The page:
Iron fist in a velvet glove kinda stuff. A big Shiraz from Langhorne Creek.
Generous is certainly the buzz word. It's a surge of fruit from top to toe. Dense plums and blackberries, whispers of smoke and vanilla, but dangerously smooth. Some tension evident and this will settle with more time in bottle or a good decant. It just lingers and calls you back. Beautiful!
I had to do a double take on the price. These St John's Road wines keep banging the value drum hard. Some fruit sweetness precedes bright, juicy red fruits. It dances across the mouth with ease. Beautifully weighted, it projects an air with confidence before soft, fine spices wash through the mouth hanging long. Another glass, please.
As with many of the d'Arenberg blends, this has a big frame and the muscle to carry it. A blend of Cabernet, Petit Verdot and Merlot 54/23/23 from McLaren Vale and the Adelaide Hills.
The savoury characteristics are what I enjoy the most in this wine. Sure there is dark and plummy fruit as well as what seems mandarin peel, but ferrous and earthy elements plus dried herbs loom large too. Give it air and more layers of interest come calling. Blueberries take their time to surface and I'm pleased they did. Dark chocolate enters the fray later too. There's a big hit of tannin too drawing moisture from the mouth, This will live long.
Drink 2020 to ten years+
Region: McLaren Vale and Adelaide Hills RRP: $29 Source: Sample
Good fruit from three vineyards is matched with well-handled oak spending time in a mix of 15 months, 6 months and stainless steel. Although it has an RRP of $22, I suspect you could track it down a little better than that. Plummy fruit is flanked by some blueberries, clove and soft fine spices. Pepper kicks on to a drawn out finish. Well weighted, it's a wine sure to match a range of dishes or for that simple pleasure of sitting in front of a fire or a lazy night in front of the television. Good stuff.
A Barossa Shiraz and Roussanne co-ferment (92/8) and matured in large format French oak for 14 months.
In some respects, there's a rustic feel to this full-bodied wine. There's not as much of a floral lift from the Roussanne as I expected, but still, it can be seen if you sift deep.
Swirl the glass to bring purple florals to life. A coarse rub of fruit and spices highlighted by barbecued meats and char. Dense plummy and blackberry fruit push on with touches of liquorice, cedar and faint clove. A side of beef the match for me thanks.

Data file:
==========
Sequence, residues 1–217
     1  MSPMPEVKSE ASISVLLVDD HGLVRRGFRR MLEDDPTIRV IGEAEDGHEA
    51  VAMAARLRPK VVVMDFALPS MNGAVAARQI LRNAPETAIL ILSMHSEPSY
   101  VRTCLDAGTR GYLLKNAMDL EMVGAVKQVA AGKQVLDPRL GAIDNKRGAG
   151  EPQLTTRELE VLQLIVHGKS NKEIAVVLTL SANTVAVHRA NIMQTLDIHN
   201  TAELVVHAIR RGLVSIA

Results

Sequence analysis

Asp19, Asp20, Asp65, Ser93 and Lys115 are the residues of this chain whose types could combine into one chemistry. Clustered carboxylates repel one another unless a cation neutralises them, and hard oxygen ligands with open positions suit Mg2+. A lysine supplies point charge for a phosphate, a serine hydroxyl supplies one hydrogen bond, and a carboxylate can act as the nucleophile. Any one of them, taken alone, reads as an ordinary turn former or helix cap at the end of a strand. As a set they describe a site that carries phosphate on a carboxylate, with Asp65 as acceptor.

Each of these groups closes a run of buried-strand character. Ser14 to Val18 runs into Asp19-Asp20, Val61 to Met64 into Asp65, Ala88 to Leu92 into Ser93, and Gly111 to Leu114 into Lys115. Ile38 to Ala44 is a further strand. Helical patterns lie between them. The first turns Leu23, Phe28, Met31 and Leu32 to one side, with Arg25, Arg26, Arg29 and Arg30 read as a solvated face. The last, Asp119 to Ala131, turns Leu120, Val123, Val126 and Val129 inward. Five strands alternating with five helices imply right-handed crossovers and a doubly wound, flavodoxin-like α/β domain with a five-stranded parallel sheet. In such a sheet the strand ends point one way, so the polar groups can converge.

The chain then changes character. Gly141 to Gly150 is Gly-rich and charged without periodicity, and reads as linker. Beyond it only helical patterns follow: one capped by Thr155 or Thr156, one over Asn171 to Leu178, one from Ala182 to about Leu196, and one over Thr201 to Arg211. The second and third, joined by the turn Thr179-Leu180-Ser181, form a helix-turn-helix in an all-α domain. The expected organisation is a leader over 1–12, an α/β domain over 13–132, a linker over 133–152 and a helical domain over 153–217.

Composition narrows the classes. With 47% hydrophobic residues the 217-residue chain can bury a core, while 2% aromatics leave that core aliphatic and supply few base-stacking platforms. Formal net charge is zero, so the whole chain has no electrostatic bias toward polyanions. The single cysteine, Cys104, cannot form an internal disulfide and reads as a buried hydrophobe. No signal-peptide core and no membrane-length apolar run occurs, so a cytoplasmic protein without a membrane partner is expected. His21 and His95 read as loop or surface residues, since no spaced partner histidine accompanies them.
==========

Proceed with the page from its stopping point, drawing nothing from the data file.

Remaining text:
Chardonnay has been made by Windowrie for nearly 30 years at their Cowra winery. Winemaker Anthony D'Onise says he is, "Looking to produce a modern example of Cowra's most famous variety." He's ticked that box with this release.
A citrusy driven wine, lemon juice fills the mouth with white stonefruit happily playing the wingman role. Some mealy and nutty characters sit calmly in the background but do enough to be seen. Some good texture with tangy lemon acidity and ginger nut biscuit spices riding long. Throw a roast chook at it.
The entry-level XYZ Chardonnay 2018 is smart but this cranks the happiness dial up another level.
Handpicked from the old vine Casuarina Vineyard on Hermitage Road, this saw 60% new French oak for ten months. No MLF was allowed.
Barbecued peach, figs, nougat and butter cream. It's a generous and engaging wine which oozes class. There's a lot to admire with the length and width on show. Well weighted, it slides through the mouth with ease. A late cameo of real lemonade before ginger spices tickle a long and persistent textural finish. It's fair to say I had a few glasses.
Yum factor Rosé. Lazy afternoons, social gatherings, sunsets - I dig this.
All red berries and currants here. Beautiful texture and length. Bone dry, some herby influences kick in with red apple skin feels and a rub of spice that hangs long. Dried strawberries grip on and ride all the way to the death. Some creaminess. Some white chocolate too. Acid is well played delivering a crisp wine. One of those wines you could do some damage with. Great stuff.
I find Pinot Noir in the $20 to $30 bracket can be a bit hit and miss. There are a few reasons for this but a good quality Pinot in that price bracket is certainly achievable. Here's a solid go-to which I spied on a restaurant wine list.
There's lots to like about its youth and energy. Bright red cherries plus some sour cherry. Scents of mushroom compost add some depth. Waves of peppery spice roll through. Licks of red plums arrive late. Quite smooth and pleasurable to finish, but overall, there's plenty of slurp factor. Good stuff.
Meerea Park's entry-level Chardonnay is on song. I could sip this happily watching the sunset.
Yellow fleshed stonefruit kicks things off. Caramel and butterscotch leap forward before flashes of vanilla curl around the mouth all adding pleasure. A good squeeze of lemon juice purrs along leaving a tangy citrusy acidty for you to reflect on all before. Tasty stuff and a great Hunter Valley Chardonnay for the money.